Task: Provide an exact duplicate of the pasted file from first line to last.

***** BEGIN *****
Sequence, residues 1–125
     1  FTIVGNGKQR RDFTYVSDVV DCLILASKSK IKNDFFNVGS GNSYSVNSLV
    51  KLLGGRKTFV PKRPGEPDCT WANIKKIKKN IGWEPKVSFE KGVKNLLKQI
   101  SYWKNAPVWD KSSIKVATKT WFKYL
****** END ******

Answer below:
Sequence, residues 1–125
     1  FTIVGNGKQR RDFTYVSDVV DCLILASKSK IKNDFFNVGS GNSYSVNSLV
    51  KLLGGRKTFV PKRPGEPDCT WANIKKIKKN IGWEPKVSFE KGVKNLLKQI
   101  SYWKNAPVWD KSSIKVATKT WFKYL